Few of us ever pause to ponder this, it’s easier to live and die appropriately without the messy risk of change. So says the poet Robert Frost:

This deep need for external validation is not always our making. So many of the decisions we make are hard-wired in our upbringing.

Obama noted we spend our lives living up to our parent’s expectations or fixing their mistakes. Forever in service of the past that stops us from embracing a new kind of present, one in which we are filling our cup rather than feigning engagement in back-to-back zooms.

Most of us have the power to change our circumstances but become victims of the status quo. We seek the antidote to average but go looking for it in the same hallways.

We must first acknowledge the frameworks that forged us and then create a sense of urgency to help remould them.

Hate something, change something.

If belief is the DeLorean of our dreams, then we need to build the road to get us there.

First, plan your move. Give yourself 6-months of prep and another six of runway once you resign. That might mean making adjustments to create financial space or looking at an alternative income stream that doesn’t take up all your time. 

Get inspired. Listen to podcasts. Victories. Near misses. Cautionary tales. Be comfortable with all outcomes.

Seek a mentor. Not a friend but someone who will give you the warts and all truth. Take them for lunch. Ask them questions. Listen more than you talk. Write it down. Embody it.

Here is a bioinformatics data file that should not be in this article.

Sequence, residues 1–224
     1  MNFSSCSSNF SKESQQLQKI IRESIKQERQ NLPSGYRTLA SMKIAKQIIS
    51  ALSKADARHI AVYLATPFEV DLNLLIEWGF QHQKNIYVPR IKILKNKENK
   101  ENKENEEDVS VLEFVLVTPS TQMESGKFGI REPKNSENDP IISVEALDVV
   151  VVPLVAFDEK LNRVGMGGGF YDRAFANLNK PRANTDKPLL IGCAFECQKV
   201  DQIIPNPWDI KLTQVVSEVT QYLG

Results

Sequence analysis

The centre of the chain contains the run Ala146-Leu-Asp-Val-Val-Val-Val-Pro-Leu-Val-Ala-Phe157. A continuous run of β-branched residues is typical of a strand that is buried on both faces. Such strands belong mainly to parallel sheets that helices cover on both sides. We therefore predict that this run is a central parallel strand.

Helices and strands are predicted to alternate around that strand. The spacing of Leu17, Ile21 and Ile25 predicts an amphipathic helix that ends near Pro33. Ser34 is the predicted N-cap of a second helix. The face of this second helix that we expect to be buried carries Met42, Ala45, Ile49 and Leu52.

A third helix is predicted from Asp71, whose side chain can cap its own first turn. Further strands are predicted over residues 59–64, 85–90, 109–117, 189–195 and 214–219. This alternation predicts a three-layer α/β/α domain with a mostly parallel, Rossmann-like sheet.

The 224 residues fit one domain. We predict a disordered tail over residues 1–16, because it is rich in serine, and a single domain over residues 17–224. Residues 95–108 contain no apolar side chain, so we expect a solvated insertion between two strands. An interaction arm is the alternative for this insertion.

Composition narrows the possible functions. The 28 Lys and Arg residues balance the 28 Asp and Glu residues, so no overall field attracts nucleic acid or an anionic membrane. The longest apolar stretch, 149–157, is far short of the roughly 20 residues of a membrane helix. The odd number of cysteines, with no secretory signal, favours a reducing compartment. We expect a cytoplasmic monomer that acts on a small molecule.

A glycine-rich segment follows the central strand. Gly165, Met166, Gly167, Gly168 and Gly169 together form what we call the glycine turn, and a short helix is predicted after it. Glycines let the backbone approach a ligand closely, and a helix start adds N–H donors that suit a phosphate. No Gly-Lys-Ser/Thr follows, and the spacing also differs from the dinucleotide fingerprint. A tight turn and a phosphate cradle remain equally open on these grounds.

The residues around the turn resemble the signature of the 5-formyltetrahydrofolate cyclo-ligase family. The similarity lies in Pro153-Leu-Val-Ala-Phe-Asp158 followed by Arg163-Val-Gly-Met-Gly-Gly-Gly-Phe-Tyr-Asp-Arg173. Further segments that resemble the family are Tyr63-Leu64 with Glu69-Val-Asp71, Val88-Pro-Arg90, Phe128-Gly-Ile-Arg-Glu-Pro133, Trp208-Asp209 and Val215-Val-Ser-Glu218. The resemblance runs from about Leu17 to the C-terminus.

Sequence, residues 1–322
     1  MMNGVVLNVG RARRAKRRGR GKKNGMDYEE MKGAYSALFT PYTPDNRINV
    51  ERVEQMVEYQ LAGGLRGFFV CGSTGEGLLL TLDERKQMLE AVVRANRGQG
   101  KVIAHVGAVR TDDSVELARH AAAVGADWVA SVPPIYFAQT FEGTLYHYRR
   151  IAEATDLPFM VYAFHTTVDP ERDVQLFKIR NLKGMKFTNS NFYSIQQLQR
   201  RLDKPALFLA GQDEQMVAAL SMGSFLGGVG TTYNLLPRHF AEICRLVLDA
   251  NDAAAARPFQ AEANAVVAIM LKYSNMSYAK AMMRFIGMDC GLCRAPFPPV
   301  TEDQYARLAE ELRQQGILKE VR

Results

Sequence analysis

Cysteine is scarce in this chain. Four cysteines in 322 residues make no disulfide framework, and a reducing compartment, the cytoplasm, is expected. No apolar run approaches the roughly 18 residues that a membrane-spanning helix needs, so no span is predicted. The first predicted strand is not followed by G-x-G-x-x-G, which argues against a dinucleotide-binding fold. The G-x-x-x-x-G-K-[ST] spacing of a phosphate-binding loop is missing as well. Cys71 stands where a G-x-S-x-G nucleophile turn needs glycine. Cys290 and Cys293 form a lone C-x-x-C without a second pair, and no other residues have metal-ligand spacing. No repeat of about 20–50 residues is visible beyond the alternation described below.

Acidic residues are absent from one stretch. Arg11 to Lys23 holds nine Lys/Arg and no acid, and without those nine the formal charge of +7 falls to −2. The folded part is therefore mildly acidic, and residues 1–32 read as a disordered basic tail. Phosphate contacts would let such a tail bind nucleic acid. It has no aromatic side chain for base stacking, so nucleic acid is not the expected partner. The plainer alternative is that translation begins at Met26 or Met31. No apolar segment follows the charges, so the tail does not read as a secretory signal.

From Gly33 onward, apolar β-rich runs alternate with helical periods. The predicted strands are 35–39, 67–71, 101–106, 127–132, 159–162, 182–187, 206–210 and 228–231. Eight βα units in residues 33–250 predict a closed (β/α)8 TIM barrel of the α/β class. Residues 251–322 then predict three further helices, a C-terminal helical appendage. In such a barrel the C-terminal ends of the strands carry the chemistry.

Fight your demons. See a life coach. You can’t age out of the workforce if you move at the speed of change and the younger you are, usually the more freedom is your friend in uncertain times.

Embrace ambiguity. See the cliff’s edge as a welcome, energizing plunge into the abyss. Know deep down you would find your way back if you needed to. 

Find your tribe. Ask yourself if this is a lone wolf move or if there are others that complement your skill set. If you want to go fast, go alone. If you want to go far, go together.

Give yourself mental outs. Be comfortable with taking a pay cut. Relinquishing your title. Handing in your lanyard. Tell people you’re exploring something new and watch their eyes light up. 

Accept it will get tough. This is not for everyone or there’d be a lot more of us out there riding the roller coaster. Eating leftovers. Waiting for the phone to ring. Calling in favours from friends.

But there’s magic in the sacrifice you’ve made that means the worst day working for yourself beats the best day working for someone else. Every time. 

Maybe it’s time to stop paying mental rent and start building equity in yourself. 

A measure of happiness.

Finally, our era’s glorification of entrepreneurship and the hype around ‘following your passion’ needs a moment of reflection. The risk and reward equation genuinely isn’t for everyone and real meaning may live elsewhere, like working for a social cause (read: someone else) that creates more balance, meaning and happiness in life.

Our bodies, minds and spirits are all on loan and when the landlord comes knocking, make sure you paid rent to the right master.

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James Needham

→ Over 20 years experience across APAC and the UK helping redefine some of the world’s most iconic and effective brands, and leading complex research and segmentation projects from Budget Direct, Big4, Crime Stoppers, RACV and CommBank.